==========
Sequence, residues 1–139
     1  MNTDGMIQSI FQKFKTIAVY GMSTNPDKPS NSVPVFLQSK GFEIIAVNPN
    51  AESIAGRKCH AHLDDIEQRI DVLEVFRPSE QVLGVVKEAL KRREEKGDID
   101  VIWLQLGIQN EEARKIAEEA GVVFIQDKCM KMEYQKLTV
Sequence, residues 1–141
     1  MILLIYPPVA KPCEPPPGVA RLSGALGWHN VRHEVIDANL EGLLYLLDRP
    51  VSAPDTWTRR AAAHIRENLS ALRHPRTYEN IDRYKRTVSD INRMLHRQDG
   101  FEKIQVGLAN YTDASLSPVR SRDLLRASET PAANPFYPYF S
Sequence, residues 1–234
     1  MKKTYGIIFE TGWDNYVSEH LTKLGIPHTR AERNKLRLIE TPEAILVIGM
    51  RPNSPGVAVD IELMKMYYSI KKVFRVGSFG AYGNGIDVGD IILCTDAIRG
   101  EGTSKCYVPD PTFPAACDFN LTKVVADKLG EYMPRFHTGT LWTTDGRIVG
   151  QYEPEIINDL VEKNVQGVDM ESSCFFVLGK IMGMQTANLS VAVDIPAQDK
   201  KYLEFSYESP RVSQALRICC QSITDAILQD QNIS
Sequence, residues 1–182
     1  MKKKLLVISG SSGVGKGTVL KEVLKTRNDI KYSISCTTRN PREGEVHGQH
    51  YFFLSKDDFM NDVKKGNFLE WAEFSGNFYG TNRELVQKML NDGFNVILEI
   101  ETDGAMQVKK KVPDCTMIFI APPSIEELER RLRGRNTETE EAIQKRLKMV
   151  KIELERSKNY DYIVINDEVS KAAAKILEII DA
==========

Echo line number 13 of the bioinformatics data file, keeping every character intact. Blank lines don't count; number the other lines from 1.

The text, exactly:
   151  QYEPEIINDL VEKNVQGVDM ESSCFFVLGK IMGMQTANLS VAVDIPAQDK